Airbnb for Business Travel: Can Sports Tourism Options be Far Behind? | Sports Destination Management

Airbnb for Business Travel: Can Sports Tourism Options be Far Behind?

Jul 29, 2015 | By: Mary Helen Sprecher

It was only a matter of time before Airbnb brought out a product to address the business travel market.

The next question, of course, is how long until it debuts a function for sports tourism?

It probably won’t take too long. According to USA Today, Airbnb launched its first travel product in 2014 and recently, launched a dedicated platform for booking business travel. The platform includes a coupon system so companies can sign up and then provide coupons to employees that transfers the actual cost of booking onto the company account. This eliminates the need for reimbursements while mimicking traditional travel accounts familiar to corporate travelers.

Show of hands: Who really enjoys doing expense reports?

But we digress. The short-term rental company is now reportedly going further to ensure business-ready listings by reaching out to hosts with information on how to become “business ready.” Such information includes specific listing designations, such as: whole home rental, 24 hour access to keys, Wi-Fi, no pets or smoking, and necessities such as hangers, iron, ironing board, coffee, tea and a hairdryer — basically, any amenity that one would expect in a hotel that caters to business travelers.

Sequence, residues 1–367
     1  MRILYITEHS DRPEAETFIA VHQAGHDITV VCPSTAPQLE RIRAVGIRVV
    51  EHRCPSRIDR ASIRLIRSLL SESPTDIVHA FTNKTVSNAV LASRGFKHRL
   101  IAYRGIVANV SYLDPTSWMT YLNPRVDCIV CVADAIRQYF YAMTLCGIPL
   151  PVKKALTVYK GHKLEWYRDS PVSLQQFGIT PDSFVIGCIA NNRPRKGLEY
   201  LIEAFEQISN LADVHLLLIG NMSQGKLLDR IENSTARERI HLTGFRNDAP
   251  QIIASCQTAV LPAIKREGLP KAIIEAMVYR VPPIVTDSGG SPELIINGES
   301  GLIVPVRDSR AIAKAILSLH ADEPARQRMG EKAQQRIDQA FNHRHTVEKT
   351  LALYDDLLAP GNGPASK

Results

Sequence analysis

It doesn’t seem like too much of a stretch for Airbnb to allow users to find out which properties would have access to those amenities favored by sports travelers, such as being near a venue, having adequate and secure storage for all the gear that some athletes carry – perhaps even hot tubs for post-event wind-downs.

In order to be registered on Airbnb’s business listing, hosts currently need to meet stringent criteria for responsiveness, such as a 90% response rate and at least 60% 5-star reviews. These standards might actually be a bit too low, as the company requires SuperHosts to receive 5-star reviews 80% of the time.

So how long can it be until this type of service is ready for sports travelers? In a way, it already is. Those who are traveling on their own, such as to a marathon or triathlon, would probably find Airbnb an attractive alternative. For now, though, we’ll just have to wait and see as the first iteration of the business product is still in beta (although travel sites notes that one way to get around that is for business travelers to start at the business portal.)

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